• 7. Repo or repurchase option is a collaterised lending i.e.banks borrow money from Reserve bank of India to meetshort term needs by selling securities to RBI with anagreement to repurchase the same at predetermined rateand date. Repo operations therefore inject liquidity intothe system. Repo transactions are usually made when thecall rate is below the repo rateReverse repo operation is when RBI borrows money frombanks by lending securities. The interest rate paid by RBIis in this case is called the reverse repo rate. Reverse repooperation therefore absorbs the liquidity in the system.Reverse Repo transactions are usually made when the callrate is above the repo rate
    • 8. LAF CORRIDOR: THE DIFERENCE BETWEEN REPO AND REVERSEREPO RATE ALLOWS FOR THE CALL MONEY RATE TO FLUCTUATE
    • 9. MARKETSTABILISATION SCHEME
    • 10. WHY MSS IS INTRODUCED ?• In year 2004, FIIs (Foreign Institutional Investors) started bringing in dollars to buy Indian stocks.• This results in an oversupply of US dollars in the Indian market.• RBI bought dollars to create an equivalent amount of rupees.• This dollar buying raised forex reserves from $100 bn in January 2004 to about $300 bn by 2007-08.• Thus leads to liquidity overhang• This has forced the government to mop up the rupees by creating the MSS bonds.
    • 11. INTRODUCTION• MSS was introduced as an agreement between the government of india (GoI) and the Reserve Bank of India (RBI) in early 2004.• Under the scheme, RBI issues bonds on behalf of the government and the money raised under bonds is impounded in a separate account(called MSS cash account) with RBI and are used only for the purpose of redemption/buy back of Treasury-Bills/Dated Securities issued under the scheme.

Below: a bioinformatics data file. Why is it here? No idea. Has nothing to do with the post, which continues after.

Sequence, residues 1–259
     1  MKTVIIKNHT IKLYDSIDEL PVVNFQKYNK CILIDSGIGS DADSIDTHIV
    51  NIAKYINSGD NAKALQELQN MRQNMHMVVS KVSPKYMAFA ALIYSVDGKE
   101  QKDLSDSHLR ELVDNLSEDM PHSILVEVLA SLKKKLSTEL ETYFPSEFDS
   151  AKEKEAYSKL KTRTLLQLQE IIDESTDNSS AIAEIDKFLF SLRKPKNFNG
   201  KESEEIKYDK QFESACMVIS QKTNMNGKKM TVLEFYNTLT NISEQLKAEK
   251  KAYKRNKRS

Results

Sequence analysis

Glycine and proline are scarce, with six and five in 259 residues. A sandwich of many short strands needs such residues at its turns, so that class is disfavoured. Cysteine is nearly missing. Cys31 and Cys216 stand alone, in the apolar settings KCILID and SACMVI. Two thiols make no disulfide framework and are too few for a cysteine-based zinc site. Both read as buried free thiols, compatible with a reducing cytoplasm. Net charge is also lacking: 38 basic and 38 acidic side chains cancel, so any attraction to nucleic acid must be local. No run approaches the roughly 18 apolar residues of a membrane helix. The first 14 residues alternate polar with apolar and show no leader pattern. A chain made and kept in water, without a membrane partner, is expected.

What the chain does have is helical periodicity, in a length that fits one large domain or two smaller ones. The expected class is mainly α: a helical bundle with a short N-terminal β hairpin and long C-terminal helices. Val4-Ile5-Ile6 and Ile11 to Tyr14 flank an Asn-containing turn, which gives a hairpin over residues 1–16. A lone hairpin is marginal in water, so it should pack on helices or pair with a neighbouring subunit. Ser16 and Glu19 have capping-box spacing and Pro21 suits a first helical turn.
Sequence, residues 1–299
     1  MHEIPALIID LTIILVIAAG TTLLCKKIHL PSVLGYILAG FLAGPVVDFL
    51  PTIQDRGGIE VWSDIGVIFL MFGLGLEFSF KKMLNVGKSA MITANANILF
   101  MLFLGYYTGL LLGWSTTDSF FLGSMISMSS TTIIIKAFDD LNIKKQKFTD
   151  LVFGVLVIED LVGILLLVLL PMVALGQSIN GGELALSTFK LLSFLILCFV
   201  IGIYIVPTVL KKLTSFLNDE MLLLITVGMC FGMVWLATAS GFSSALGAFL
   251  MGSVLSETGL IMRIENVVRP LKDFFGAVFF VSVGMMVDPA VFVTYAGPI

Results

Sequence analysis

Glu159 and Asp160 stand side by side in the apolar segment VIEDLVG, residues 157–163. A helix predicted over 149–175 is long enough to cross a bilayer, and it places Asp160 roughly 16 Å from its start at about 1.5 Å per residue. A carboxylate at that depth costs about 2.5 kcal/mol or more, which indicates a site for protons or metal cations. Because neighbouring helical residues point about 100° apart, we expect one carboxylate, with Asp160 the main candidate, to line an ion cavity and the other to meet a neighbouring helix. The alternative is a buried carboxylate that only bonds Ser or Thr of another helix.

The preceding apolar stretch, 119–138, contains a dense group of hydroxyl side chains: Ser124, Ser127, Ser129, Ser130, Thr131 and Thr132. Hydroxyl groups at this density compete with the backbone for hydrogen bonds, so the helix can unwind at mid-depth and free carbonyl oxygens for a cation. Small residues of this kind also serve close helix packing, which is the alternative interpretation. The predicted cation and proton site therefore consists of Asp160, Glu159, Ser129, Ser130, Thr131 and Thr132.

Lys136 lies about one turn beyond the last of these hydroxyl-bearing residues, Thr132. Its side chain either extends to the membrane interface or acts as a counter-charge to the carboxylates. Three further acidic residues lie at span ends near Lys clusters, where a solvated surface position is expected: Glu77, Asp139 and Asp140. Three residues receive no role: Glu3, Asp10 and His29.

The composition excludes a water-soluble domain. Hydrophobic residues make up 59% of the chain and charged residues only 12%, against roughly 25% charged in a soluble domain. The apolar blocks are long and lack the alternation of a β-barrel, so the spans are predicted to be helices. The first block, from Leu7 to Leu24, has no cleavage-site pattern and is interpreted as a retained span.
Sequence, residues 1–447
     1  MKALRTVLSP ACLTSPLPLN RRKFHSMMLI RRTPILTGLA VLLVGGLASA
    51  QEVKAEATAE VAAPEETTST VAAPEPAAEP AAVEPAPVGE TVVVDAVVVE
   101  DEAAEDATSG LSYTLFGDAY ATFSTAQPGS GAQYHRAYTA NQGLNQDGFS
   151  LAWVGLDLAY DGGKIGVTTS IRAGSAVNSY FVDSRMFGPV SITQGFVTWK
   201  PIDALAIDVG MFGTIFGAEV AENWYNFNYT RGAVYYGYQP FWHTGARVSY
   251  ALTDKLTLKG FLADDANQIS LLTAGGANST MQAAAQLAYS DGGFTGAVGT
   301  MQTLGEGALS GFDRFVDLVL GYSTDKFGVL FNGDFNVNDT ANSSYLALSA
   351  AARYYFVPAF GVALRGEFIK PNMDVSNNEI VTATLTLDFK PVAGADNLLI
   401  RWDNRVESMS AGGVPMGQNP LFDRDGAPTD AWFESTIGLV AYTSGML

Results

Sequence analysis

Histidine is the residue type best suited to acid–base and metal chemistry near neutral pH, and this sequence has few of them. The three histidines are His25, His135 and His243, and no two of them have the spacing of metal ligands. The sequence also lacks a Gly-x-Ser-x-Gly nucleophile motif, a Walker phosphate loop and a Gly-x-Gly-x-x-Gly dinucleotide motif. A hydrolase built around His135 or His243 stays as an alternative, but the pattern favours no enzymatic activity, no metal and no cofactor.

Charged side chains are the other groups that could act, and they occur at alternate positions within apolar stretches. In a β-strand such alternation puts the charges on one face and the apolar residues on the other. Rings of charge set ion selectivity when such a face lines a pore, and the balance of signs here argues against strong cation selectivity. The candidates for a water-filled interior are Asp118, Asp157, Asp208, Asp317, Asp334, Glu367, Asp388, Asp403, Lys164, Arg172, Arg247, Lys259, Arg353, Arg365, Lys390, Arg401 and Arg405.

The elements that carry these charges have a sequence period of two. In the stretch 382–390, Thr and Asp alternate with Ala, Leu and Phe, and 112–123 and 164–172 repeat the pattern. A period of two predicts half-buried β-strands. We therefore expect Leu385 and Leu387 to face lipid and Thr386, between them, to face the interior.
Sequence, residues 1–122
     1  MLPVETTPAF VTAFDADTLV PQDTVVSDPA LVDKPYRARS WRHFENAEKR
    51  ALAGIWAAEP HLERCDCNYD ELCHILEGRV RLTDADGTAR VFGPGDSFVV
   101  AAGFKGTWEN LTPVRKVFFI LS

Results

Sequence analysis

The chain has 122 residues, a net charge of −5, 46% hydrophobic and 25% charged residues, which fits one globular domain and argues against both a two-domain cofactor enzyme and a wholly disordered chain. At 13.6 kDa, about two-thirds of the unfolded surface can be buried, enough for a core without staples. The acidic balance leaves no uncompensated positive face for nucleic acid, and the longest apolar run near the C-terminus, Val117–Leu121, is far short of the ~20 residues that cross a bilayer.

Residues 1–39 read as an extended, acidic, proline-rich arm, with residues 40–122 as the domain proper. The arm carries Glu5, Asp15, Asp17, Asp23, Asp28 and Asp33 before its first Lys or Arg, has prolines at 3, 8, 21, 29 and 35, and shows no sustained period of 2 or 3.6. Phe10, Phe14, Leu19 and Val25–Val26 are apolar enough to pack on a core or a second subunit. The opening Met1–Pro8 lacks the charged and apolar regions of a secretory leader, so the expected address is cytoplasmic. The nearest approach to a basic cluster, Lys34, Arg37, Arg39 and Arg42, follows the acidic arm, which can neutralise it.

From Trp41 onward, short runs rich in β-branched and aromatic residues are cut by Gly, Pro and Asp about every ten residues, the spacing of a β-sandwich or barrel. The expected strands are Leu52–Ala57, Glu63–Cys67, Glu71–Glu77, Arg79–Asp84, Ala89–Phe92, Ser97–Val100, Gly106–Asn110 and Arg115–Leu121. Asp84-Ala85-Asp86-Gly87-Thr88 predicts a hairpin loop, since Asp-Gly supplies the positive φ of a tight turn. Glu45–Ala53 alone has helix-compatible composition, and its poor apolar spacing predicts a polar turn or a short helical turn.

• 12. • The bills/bonds issued under MSS would have all the attributes of the existing Treasury Bills and dated securities.• The bills and securities will be issued by way of auctions to be conducted by the Reserve Bank.• The Reserve Bank will decide and notify the amount, tenure and timing of issuance of such treasury bills and dated securities.• Whenever such securities are issued by the Reserve Bank for the purpose of market stabilisation and sterilisation, a press release at the time of issue would indicate such purpose
    • 13. • In 2003-04, the total outstanding obligations of the Government by way of bills/securities thus issued under the MSS from time to time would not exceed Rs. 60,000 crore.• The Reserve Bank of India (RBI) has capped the outstanding balance under the market stabilization scheme (MSS), for the fiscal year 2012-13 at 50,000 crore ($9.7 billion).
    • 14. • Following the global financial crisis of 2008, that necessitated fiscal stimulus measures, an amendment to the original MoU between the RBI and the GoI in February 2009 allowed the Government to convert a portion of the MSS funds into normal government borrowing for financing its expenditure requirements.
    • 15. IMPACT ON FISCAL/REVENUE DEFICIT• The bills and securities issued for the purpose of MSS would be matched by an equivalent cash balance held by the Government with the Reserve Bank. Thus, there will only be a marginal impact on revenue and fiscal deficits of the Government to the extent of interest payment on bills/securities outstanding under the MSS. Further, the cost would be shown separately in the Budget. This would add transparency to the cost of sterilisation.
    • 16. CURRENT RATES AND RATIOS• Repo Rate under LAF- 7.50% (w.e.f.19/03/2013)• Reverse Repo Rate under LAF - 6.50% (w.e.f.19/03/2013)• Bank rate- 8.50% (w.e.f. close of business of 19/03/2013)• Cash Reserve Ratio (CRR)- 4.00% (wef 09/02/2013)• Statutory Liquidity Ratio (SLR)-• 23%(w.e.f. 11/08/2012)
    • 17. THANK- YOU